Thursday, 11 July 2013

RAF Museum at Cosford

Thursday 11th July, 2013 at Brewood.
Only about 15 minutes from Brewood is the RAF Museum at Cosford, so today we decided to go and visit it. We had organised a taxi to pick us up at the Bridge Inn, just a few hundred yards from where MM is moored. The Museum is free, and we did not quite know what to expect. We were completely overwhelmed by the reality! It was as good, if not better, than RAF Hendon.
There are a number of aircraft parked outside, there is a reception building including a restaurant (called "Refuel"!), three large hangars and a huge purpose built exhibition hall.
After a cup of coffee in "Refuel", we went into the first hangar, which contains an incredible collection of research aeroplanes built by the British when the British Aviation industry lead the world. They included one of two surviving TSR2s, rescued and hidden from the Government when all the aircraft and jigs were destroyed in 1965.
Others include the Short S.5 used in the development of the Lightning, the English Electric P.1A pre-production version of the Lightning, the Fairey Delta 2, that R remembers seeing at the Farborough Air Display, and the Bristol 188, stainless steel research aircraft that was incredibly advanced for its time.
After wandering around the Test Flight hangar, we walked across to the "National Cold War Exhibition" housed in a huge purpose built exhibition hall.
The exhibition displays aircraft from both sides of the Cold War and a great deal of background information about the differences between the East and the West and the tensions of the time, including the Berlin Airlift and the Space Race, as well as information about the cultural differences between the two sides. The exhibition was opened by the Queen and apparently when she walked in and saw all the aircraft, many of which are hanging from the roof, she asked "Are they models?" The Museum Director is reported to have replied "Yes, Ma'am and you should have seen the size of the boxes that they came in!"
One particular example that caught our eye was the Victor Bomber that had a very naughty "Maid Marion" painted on its nose!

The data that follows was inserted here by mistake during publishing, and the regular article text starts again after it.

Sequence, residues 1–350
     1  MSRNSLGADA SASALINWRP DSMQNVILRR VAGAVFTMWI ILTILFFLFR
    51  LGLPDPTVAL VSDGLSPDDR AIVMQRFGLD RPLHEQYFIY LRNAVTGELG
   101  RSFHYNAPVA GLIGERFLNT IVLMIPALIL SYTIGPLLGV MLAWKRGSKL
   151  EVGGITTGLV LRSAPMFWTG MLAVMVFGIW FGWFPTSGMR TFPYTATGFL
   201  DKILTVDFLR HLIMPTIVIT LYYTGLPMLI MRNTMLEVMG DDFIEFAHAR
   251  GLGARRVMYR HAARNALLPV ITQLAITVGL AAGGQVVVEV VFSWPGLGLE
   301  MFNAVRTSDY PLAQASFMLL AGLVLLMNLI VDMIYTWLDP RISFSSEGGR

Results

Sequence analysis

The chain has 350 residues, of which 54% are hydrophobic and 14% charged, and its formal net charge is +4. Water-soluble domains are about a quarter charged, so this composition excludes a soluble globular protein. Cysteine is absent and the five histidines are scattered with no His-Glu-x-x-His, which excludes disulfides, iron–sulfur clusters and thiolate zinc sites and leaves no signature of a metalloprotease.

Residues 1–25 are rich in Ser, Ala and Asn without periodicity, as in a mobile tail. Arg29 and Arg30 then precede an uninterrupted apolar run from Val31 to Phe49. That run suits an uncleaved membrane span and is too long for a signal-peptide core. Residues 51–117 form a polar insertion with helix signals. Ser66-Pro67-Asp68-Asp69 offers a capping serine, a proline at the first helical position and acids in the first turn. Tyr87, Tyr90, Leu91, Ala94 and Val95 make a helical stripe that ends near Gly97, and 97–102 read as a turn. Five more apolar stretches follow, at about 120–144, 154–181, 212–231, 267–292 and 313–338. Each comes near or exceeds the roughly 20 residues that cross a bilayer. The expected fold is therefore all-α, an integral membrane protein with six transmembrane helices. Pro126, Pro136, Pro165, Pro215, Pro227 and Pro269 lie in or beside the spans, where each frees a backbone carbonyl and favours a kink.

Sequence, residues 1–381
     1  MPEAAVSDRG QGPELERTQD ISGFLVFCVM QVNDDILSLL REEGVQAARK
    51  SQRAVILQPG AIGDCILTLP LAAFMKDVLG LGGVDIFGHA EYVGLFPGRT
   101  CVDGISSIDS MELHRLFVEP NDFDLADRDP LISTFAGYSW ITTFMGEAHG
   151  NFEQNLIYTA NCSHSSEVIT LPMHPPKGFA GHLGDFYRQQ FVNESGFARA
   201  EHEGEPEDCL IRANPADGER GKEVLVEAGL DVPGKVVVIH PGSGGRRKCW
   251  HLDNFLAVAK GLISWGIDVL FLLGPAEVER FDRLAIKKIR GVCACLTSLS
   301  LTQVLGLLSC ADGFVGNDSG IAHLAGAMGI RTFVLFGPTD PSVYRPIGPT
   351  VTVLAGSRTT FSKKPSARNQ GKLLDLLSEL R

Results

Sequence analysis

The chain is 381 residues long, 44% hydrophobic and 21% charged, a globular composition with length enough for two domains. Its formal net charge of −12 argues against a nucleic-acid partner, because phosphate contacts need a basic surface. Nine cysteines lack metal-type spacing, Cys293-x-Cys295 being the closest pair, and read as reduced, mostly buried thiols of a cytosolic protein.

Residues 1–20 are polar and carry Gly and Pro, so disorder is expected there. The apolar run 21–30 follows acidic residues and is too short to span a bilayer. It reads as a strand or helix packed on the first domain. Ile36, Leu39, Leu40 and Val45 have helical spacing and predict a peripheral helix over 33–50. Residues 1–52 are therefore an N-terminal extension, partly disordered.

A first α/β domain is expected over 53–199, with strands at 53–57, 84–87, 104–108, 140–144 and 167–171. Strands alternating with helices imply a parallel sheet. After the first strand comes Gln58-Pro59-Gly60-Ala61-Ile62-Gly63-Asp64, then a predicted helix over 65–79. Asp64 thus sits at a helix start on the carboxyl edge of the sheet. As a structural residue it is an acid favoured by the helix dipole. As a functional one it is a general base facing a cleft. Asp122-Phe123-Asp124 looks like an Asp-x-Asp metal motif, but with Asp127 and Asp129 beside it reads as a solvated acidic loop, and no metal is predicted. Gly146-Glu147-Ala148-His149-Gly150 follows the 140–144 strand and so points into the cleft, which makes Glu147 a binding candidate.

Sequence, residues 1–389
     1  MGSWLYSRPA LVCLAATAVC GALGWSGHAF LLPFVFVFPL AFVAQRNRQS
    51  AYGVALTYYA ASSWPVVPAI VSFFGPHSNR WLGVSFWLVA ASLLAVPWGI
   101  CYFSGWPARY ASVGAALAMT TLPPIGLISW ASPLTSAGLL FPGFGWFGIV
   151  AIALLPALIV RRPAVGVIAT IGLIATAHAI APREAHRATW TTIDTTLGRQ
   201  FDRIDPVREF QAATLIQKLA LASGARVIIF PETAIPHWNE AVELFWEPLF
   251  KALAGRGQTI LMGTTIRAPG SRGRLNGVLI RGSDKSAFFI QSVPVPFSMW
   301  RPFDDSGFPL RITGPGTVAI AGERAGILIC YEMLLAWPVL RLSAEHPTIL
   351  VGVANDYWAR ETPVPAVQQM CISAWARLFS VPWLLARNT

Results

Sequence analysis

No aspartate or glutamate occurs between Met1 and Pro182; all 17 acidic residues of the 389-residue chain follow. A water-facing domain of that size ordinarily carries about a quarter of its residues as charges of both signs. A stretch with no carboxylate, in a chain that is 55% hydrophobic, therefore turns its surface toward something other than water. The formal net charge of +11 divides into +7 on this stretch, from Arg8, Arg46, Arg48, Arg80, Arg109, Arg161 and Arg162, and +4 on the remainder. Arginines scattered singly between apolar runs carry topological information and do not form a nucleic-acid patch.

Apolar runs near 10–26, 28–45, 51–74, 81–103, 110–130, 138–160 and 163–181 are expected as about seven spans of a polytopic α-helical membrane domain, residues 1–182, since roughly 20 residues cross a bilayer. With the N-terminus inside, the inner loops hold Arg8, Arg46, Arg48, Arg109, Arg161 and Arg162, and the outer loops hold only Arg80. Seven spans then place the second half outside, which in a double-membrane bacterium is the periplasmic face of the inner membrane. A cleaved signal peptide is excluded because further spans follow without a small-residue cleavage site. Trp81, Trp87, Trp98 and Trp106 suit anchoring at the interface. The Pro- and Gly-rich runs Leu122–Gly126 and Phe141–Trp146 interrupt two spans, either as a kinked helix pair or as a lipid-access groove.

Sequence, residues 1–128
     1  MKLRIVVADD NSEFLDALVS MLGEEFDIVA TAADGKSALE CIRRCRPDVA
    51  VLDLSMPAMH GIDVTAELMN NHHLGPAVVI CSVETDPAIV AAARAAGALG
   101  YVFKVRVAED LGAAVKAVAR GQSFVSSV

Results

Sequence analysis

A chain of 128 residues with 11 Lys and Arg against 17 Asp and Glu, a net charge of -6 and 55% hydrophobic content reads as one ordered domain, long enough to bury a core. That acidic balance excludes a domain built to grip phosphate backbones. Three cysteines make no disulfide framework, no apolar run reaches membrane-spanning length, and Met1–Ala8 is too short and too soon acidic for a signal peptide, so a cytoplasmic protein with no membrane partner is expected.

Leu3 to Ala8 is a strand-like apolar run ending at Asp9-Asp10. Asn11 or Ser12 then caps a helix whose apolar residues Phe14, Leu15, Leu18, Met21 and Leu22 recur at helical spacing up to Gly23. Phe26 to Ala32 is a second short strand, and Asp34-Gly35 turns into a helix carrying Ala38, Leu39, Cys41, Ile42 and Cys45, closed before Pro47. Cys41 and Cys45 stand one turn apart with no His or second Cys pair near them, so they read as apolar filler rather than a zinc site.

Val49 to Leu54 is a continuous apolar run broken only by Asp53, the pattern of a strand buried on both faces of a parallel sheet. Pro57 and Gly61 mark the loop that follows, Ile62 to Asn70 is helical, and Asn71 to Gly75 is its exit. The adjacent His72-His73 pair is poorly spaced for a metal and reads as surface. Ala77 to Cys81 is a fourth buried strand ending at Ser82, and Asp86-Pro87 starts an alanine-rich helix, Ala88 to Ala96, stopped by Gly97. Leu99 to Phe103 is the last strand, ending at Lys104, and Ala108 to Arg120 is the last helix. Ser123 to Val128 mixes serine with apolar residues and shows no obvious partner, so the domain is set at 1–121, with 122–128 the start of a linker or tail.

Another was the English Electric Lightning that was, appropriately, hanging from its nose - it is one of the few aircraft ever developed that could go supersonic going straight up vertically.
As we were walking around, an announcement was made that the Dornier 17 area was now open to the public. R had heard that a Dornier 17 had been discovered on Goodwin Sands and there were plans to lift it. Sonar images showed it to be remarkably complete.
About four weeks ago, it was lifted from the bottom of the sea and brought to RAF Cosford for conservation, where it is stored in two polytunnels.
It will be sprayed with a mildly acidic solution for two years to stabilise it. The wings have been removed and they are still upside down as they were under the sea.
The fuselage is in a number of bits, but they reckon that they have about 70% of the aircraft. When they started to spray it with the solution, it seems to have upset the local wildlife as apparently the polytunnels was full of crabs trying to get out!
The aircraft will not be restored but will be re-assembled as far as possible and put on display at RAF Hendon. The plan is to put it alongside a replica to show what the aircraft originally looked like.
We were so lucky to be here to see this so soon after it was recovered!
Then we went into Hangar 1, which houses transport and training aircraft as well as a collection of engines from small piston engines right through to a huge RB211 jet used to power jet airliners. Also in this hangar is the James May Spitfire, that was built for his television program as a full scale plastic kit. The pilot is even modelled on May himself!
Nearby was one of R's favourite aeroplanes, the diminutive Folland/Hawker Siddeley Gnat T.1 as used by the original Red Arrows.
Finally we visited the Warplanes Hangar, which included one of M's favourites, the Tornado. R thinks that M wanted to lead this one home!
There was also another of R's favourites, the de Haviland Mosquito, being given some maintenance and TLC.
It is getting to be a habit with us that we are the last to leave!! The taxi took us home after an absolutely fantastic day out.
Today: MM stayed moored in the sunshine.

No comments:

Post a Comment